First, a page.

This estuary is a natural jewel in the middle of one of America's most densely populated counties and needs to be saved. Where are the responsible governmental agencies? St. Petersburg and Gulfport need to take action before it's too late:
-Clean the bayou of accumulated garbage.
-Dredge to the original sand bottom to remove long-buried trash and restore an ecologically sound aquatic environment.
-Commit to stormwater treatment to prevent renewed silting and garbage deposits. Include the construction of properly maintained settling ponds, removal of floating debris, provision of fence protection for feeder canals, and enforcement of strict antilittering ordinances.
Failure to take action will ultimately destroy this paradise.
David D. Stotz, Gulfport
Homelessness won't end
St. Petersburg is an integrated, diverse and progressive city. The homeless are also threads in our fabric. All communities are faced with hobos, panhandlers, bums, grifters and homeless people. I think it is time for us to stop studying "fixes" and understand that coexistence is the reality of the situation.
Homelessness doesn't need a fix. The numbers of the homeless locally and nationally fluctuate with economic swings, wars, seasons and the continuing changes of our nation's demography.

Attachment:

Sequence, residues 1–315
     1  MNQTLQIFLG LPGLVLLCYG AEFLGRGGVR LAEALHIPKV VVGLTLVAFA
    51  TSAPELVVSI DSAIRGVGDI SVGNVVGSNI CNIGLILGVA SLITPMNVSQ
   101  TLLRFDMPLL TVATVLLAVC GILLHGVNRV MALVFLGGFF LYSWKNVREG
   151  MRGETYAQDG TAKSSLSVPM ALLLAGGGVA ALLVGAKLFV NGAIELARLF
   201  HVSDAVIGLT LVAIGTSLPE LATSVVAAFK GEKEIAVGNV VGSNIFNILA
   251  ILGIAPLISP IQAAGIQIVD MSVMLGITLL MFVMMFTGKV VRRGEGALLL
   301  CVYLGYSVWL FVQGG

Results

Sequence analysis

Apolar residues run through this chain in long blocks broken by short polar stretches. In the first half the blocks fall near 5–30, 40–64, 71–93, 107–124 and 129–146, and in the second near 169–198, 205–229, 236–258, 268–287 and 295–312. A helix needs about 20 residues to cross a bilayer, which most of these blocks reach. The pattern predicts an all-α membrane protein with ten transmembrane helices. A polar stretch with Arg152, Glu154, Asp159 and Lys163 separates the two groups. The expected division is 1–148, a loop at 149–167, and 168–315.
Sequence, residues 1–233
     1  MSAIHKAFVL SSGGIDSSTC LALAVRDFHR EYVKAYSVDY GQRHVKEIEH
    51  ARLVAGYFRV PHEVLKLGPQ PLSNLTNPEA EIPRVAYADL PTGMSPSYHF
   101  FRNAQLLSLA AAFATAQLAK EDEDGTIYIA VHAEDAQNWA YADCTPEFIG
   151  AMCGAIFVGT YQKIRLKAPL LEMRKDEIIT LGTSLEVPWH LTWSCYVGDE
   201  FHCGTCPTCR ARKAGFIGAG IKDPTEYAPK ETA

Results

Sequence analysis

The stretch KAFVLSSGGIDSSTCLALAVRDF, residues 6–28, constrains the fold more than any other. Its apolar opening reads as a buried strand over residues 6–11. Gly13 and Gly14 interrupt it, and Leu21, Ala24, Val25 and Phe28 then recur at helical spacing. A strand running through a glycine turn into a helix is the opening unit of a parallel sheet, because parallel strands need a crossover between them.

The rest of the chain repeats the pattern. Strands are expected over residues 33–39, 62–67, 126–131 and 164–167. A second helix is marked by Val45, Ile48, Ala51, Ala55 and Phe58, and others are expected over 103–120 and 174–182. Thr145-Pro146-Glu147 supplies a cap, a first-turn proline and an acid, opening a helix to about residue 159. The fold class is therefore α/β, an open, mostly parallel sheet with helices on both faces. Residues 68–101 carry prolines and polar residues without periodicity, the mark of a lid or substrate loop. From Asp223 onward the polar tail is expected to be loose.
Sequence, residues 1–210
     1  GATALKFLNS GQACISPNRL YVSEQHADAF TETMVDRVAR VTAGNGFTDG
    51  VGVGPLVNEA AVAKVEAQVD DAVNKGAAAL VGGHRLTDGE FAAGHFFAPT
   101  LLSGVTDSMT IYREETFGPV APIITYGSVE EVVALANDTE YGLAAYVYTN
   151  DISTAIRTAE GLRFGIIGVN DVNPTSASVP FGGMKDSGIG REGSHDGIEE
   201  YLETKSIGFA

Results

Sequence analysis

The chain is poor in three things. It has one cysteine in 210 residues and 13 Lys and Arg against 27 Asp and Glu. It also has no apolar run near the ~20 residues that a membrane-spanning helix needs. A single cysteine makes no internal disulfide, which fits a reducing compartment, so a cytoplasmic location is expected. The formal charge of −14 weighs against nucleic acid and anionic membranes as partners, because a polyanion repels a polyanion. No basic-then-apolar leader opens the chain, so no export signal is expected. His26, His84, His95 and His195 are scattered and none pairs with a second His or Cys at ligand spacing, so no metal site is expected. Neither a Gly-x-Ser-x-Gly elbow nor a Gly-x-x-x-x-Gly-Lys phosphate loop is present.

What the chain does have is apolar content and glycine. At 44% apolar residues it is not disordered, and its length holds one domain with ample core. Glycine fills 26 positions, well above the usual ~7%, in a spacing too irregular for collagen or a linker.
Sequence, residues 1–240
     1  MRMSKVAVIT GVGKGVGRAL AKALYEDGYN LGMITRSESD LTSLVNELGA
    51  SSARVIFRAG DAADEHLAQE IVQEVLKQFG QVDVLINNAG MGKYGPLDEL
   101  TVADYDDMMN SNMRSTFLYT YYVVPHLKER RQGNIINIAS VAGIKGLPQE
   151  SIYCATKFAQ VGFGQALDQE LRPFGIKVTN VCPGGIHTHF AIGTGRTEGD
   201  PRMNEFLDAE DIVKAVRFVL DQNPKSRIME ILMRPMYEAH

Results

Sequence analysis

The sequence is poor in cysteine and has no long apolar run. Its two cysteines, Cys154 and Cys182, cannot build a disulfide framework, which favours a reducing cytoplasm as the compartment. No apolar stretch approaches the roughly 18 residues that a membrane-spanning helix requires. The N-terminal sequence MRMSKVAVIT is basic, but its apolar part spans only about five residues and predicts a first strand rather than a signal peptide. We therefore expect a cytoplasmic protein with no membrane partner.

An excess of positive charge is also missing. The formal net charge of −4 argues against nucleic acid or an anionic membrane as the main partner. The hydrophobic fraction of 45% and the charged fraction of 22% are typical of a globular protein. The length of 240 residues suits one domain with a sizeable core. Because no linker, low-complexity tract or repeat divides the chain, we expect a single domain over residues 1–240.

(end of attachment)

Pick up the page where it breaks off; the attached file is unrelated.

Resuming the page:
There will never be an end to homelessness. What is necessary then is an ongoing viable community infrastructure that reacts to these fluctuations to assure that the basics of life are provided along with the opportunity to make the transition out of homelessness for those who are willing and capable.
I visited the Wednesday Market "experiment" in Williams Park recently, and it was a great success for our community. The homeless did their thing, and everyone else went on with their business. Sure this is a success so far, and I'm sure there will be some incidents that will need to be tended to as the event prospers. Our commitment now must be to coexist. A seed was planted in Williams Park.
Sheldon Schwartz, St. Petersburg